I sometimes wonder why certain things happen to me!  When I am frantically searching for an item that I absolutely need right now, and cannot find I have often been heard to mutter “why does this always happen to me?”

Can you guess why that particular occurrence may happen to me … and possibly to you too?  Bet it was because the last time you used it you failed to put it back in its rightful place!

Everything has its place and everything should be put back in its place!” was a maxim of my super organised grandmother – and I can hear the echo of those words when I am once more frantically searching for that file or folder before I have to leave the house.

The problem is that life is hectic and when I had finished with it last time, I was immediately focused on the next task and so put the file down on the nearest available space and forgot it.  Over the next few weeks or so, I may have seen and possible even moved it to get at something else, but the one thing I failed to do was to replace it in ‘its own place’. Consequently when I next really needed it …  well, you know what happened.

This simple, and I suspect usual, scenario leads me into today’s thoughts – we often sow the seeds of our own disasters without a care in the world, and only when they come to fruition do we realise the extent of our failure. 

The temptation then is to blame someone else, or our circumstances; or even ‘things beyond our control’ – but it doesn’t change the facts; we planted the seed so we harvest the fruit.

Good intentions are no guarantee that our fruit will be sweet; sometimes the seeds we planted with all the best intentions in the world can produce the bitterest of results. Again the temptation is to blame outside influences, everyone else and fall back on the self-indulgent thought that at least our intentions were good, so the unpleasant results must be someone else’s fault.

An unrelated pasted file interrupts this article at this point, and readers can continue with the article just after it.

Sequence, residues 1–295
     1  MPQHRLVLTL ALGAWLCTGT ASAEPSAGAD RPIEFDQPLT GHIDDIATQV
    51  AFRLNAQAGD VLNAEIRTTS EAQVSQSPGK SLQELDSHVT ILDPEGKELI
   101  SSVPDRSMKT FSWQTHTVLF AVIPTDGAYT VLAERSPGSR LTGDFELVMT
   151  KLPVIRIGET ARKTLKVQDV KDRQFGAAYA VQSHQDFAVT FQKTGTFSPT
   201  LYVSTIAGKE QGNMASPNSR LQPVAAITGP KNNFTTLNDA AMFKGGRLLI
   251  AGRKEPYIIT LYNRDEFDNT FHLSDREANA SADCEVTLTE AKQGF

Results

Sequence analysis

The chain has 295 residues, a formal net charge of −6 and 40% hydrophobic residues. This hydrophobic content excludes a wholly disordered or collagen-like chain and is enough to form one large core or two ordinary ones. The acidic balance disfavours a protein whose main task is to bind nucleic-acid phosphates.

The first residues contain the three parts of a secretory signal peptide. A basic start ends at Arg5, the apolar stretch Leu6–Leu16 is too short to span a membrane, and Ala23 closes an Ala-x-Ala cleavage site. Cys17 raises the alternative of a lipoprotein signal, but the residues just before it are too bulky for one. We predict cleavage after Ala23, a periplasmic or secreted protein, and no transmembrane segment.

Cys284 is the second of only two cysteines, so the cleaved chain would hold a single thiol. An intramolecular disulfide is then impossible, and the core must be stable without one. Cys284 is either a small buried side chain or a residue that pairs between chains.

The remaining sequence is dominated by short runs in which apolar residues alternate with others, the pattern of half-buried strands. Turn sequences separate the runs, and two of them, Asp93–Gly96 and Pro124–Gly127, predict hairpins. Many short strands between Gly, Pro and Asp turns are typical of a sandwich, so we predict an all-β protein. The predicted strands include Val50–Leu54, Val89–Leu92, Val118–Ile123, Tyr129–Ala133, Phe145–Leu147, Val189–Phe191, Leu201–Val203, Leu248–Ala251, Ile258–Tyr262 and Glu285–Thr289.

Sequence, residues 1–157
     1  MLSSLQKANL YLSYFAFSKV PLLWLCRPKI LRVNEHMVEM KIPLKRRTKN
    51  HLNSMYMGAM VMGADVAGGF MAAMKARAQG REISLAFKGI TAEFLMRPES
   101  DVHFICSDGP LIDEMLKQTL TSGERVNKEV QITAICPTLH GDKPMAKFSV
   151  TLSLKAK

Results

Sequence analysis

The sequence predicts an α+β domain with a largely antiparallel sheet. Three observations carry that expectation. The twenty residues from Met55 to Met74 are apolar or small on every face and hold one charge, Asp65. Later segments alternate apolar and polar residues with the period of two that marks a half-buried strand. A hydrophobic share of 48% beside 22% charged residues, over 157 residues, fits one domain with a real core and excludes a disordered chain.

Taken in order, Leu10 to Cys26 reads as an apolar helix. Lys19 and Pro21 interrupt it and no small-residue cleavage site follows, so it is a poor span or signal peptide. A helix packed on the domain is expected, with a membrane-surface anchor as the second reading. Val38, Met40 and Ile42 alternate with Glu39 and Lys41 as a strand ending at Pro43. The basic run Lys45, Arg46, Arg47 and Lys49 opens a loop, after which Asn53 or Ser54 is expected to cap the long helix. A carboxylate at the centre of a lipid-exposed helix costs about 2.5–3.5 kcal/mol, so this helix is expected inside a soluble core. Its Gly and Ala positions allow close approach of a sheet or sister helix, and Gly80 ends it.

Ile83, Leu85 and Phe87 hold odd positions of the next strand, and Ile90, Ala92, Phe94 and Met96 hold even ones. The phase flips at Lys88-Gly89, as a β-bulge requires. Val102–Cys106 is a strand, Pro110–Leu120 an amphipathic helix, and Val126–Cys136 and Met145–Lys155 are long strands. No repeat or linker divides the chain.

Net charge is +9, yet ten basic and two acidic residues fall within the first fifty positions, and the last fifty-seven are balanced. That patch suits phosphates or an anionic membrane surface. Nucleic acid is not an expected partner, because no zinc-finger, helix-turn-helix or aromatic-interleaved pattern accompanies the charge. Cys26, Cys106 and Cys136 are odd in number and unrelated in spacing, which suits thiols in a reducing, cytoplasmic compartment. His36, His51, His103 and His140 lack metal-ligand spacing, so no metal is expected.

The English poet, William Henley, suffered from tuberculosis of the bone which led to the amputation of his lower leg.  He was often in great pain but devised a philosophy which enabled him to live a full and active life despite his disability.  Many of us will know his poem “Invictus”; especially the last verse:

It matters not how strait the gate,
How charged with punishment the scroll,
I am the master of my fate:
I am the captain of my soul.

Here, Henley was talking about self-determination; the truth of life. It is us that controls our destiny; not fate, not other people – but us.  Our choices, our attitude, our decisions and our actions – these make us the ‘master of our fate’ and the ‘captains of our soul’.  And each one of these is a seed we plant to be harvested in the future.

My failure to put the file I used away is a simple example of how my simple choice actually impacted on my future.  When I harvested the fruit of that seed, I arrived at the meeting out of breath, frustrated and without the file containing the vital information that I needed.  The consequence of that was that I lost the contract and the respect of these I hoped to work for.

A simple seed, so carelessly sown – but the fruit was very bitter to taste.

Today I have taken the decision to be more thoughtful of the kinds of seeds I sow, and more careful of the possible fruits I may harvest in my future.  My actions will lead to consequences; if I do not like the consequences then I must change the actions.

What sort of seeds are you carelessly sowing today, and will you remember that it was you that actually put the chain of events in motion?  If your fruit is bitter to the taste will you recall the single seed that you planted, then germinated and grew this?

“Although we are responsible for what we sow, we forget that we’ve planted these seeds and either give credit to or blame people or things outside of us when they ripen … But we lose sight of the fact that each thought, word, and action will produce a result. When the fruit finally ripens, we think, ‘why did this happen to me? I’ve done nothing to deserve this.’ – Chagdud Tulku Rinpoche

So here’s to more productive gardening in the future where, if I do sow seeds of my own disappointment, I will be strong enough to say “Well, that didn’t work out, so what can I learn?” rather than wailing “Why does this always happen to me?”

Michele @ Trischel

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